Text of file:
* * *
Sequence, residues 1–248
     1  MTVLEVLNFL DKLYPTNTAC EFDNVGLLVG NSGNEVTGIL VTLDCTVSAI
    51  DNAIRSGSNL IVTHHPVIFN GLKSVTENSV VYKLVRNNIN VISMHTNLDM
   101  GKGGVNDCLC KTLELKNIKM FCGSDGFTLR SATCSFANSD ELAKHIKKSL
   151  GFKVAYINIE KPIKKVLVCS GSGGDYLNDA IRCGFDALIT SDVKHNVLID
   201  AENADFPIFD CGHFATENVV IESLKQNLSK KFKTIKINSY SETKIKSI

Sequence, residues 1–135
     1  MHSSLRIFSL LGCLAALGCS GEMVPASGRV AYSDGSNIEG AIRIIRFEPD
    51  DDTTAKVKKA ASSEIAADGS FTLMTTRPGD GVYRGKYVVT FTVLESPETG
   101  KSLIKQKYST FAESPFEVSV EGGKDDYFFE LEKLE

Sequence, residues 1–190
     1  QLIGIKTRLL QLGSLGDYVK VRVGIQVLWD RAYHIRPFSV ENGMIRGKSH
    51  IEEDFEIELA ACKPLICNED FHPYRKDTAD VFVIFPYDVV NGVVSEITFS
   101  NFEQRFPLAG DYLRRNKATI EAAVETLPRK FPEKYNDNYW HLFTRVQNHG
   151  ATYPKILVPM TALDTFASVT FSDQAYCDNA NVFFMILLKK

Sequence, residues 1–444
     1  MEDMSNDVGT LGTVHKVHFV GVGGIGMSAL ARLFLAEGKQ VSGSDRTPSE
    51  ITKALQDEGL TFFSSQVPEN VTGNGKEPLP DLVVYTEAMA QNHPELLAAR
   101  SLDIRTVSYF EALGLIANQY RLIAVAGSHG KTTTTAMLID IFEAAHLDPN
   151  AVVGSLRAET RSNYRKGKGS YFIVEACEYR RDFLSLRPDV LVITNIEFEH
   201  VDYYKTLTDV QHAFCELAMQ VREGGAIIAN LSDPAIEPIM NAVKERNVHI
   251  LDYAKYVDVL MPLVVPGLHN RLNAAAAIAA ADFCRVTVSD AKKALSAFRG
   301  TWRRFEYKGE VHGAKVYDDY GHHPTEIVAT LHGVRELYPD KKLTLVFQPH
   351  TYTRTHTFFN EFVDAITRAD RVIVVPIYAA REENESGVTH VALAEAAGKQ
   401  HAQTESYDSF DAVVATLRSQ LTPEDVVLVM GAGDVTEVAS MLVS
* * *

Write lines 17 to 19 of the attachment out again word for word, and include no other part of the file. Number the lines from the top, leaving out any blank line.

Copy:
     1  MEDMSNDVGT LGTVHKVHFV GVGGIGMSAL ARLFLAEGKQ VSGSDRTPSE
    51  ITKALQDEGL TFFSSQVPEN VTGNGKEPLP DLVVYTEAMA QNHPELLAAR
   101  SLDIRTVSYF EALGLIANQY RLIAVAGSHG KTTTTAMLID IFEAAHLDPN